What a 71-Year-Old Article by Madame Chiang Kai-Shek Tells Us About China Today

Writing in The Atlantic seven decades ago, the former Chinese First Lady warned against income inequality—a force that continues to threaten the country's stability today.

Soong Mei-ling (R) is seen with Chiang Kai-Shek, Franklin Roosevelt, and Winston Churchill in this 1942 photo. Then 44 years old, Soong would live another 61 years. (Wikimedia Commons)

Throughout her 105-year life span, Soong Mei-ling never held elected office or any official government position. Yet few individuals exerted a bigger influence on 20th century Chinese history. As the wife of Chiang Kai-Shek, the man who ruled the Republic of China for nearly a half-century—first on the mainland and then in Taiwan—Soong served as a vital liaison between her country and the United States—a role she was uniquely suited for.

Born into a prosperous Shanghai family in 1898, Soong spent much of her childhood and early adulthood in the United States, where she attended boarding school in Georgia and later studied at Wellesley. Following her return to China, Soong eventually married Chiang, a military general who had assumed leadership Republic of China in 1927 following the death of the Republic's founder, Sun Yat-sen.  Beautiful, Christian, and fluent in English, Madame Chiang compensated for a husband, who, despite great military prowess, was relatively provincial and unsophisticated.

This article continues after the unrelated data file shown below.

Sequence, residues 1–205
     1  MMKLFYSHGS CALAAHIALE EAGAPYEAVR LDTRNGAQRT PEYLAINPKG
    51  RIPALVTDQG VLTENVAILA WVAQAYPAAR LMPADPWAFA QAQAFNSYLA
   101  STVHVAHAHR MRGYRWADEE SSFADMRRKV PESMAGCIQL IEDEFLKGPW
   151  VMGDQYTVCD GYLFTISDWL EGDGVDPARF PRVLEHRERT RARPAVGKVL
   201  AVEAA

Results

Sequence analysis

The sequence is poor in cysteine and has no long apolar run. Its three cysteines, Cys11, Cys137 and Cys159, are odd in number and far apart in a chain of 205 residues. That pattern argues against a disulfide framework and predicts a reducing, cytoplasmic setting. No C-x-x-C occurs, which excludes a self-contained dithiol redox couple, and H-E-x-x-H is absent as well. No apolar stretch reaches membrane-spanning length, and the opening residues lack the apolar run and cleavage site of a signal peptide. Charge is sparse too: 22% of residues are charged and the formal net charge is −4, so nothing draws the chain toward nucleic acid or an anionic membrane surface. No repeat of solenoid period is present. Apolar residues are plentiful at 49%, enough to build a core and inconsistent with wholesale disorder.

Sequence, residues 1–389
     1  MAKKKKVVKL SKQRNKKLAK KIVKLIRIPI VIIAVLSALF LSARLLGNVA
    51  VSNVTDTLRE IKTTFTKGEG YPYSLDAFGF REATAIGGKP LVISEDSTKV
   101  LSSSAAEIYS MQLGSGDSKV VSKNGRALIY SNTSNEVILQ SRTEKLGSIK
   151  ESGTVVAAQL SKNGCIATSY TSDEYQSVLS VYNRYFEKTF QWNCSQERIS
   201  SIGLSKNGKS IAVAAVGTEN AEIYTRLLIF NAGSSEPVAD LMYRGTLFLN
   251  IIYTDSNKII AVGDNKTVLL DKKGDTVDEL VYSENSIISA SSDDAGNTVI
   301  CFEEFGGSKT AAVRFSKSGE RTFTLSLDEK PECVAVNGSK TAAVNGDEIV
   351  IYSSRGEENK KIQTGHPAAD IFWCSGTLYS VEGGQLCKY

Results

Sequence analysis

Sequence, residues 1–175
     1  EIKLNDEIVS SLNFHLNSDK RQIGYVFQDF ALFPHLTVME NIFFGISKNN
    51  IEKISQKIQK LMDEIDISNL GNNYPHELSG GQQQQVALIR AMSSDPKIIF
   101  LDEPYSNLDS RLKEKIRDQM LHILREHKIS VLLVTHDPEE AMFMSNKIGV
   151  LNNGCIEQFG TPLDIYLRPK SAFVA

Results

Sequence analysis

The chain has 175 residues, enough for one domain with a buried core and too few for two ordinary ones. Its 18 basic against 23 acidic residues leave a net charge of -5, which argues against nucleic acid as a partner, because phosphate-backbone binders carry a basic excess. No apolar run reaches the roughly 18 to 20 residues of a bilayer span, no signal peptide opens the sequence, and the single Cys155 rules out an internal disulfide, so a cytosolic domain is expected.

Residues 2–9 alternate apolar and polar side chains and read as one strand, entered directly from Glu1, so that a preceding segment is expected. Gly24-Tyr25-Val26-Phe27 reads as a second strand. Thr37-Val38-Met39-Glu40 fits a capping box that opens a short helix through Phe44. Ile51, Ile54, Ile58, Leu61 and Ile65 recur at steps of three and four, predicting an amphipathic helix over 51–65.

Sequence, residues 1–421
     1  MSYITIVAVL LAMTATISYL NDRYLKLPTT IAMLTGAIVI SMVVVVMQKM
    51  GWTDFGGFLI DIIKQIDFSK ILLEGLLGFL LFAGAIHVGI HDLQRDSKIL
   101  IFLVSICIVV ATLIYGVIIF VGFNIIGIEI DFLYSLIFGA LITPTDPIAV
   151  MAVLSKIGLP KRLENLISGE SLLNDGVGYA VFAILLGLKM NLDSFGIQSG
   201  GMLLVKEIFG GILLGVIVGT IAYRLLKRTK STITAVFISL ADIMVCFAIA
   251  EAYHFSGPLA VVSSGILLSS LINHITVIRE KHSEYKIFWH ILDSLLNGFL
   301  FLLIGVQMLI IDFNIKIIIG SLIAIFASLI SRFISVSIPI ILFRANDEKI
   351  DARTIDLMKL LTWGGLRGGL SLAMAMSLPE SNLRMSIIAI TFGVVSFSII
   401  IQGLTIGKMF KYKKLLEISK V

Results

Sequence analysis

Sino-American relations came to a head during the second World War, when the two sides fought together against Japan. Yet despite their common enemy, China and the United States were uneasy allies; China felt that the U.S. devoted insufficient resources to their cause, while in Washington the Roosevelt Administration distrusted the corrupt and ineffectual Chiang. During these years, Madame Chiang served as a translator and spokesman for her husband, whose tempestuous relationship with the American General Joseph Stilwell threatened the effectiveness of the alliance.

But her greatest influence would occur outside of China. In order to shore up American support for the Chinese cause, Madame Chiang barnstormed the U.S. during the 1940s, charming Americans with her excellent, Southern-accented English and oratorical skill. Madame Chiang's tour brought her to the pages of The Atlantic, where in the May 1942 issue she penned an article entitled “China Emergent.” Among other subjects, Madame Chiang's essay discussed what form of government an independent China would take:

While as a nation we are resolved that we will not tolerate foreign exploitation we are equally determined that within our country there be no exploitation of any section of society by any other section or even by the state itself. The possession of wealth does not confer upon the wealthy the right to take unfair advantage of the less fortunate. But neither, as a nation, does China believe in communism or wish to obtain it in our land. We have no use for most -isms which pose as panaceas for all the ills of the human race. In fact all forms of authoritarianism adopted by some European countries, Japan, and certain Latin American republics (which in late years have flirted a little, discreetly perhaps, with dictatorship) leave the Chinese people cold.